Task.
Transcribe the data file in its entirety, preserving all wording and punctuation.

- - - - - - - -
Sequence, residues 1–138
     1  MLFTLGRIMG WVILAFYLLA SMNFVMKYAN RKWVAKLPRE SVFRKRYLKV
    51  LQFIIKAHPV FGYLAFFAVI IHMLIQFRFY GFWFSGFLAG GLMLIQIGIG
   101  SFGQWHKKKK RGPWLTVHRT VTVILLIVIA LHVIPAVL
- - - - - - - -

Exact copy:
Sequence, residues 1–138
     1  MLFTLGRIMG WVILAFYLLA SMNFVMKYAN RKWVAKLPRE SVFRKRYLKV
    51  LQFIIKAHPV FGYLAFFAVI IHMLIQFRFY GFWFSGFLAG GLMLIQIGIG
   101  SFGQWHKKKK RGPWLTVHRT VTVILLIVIA LHVIPAVL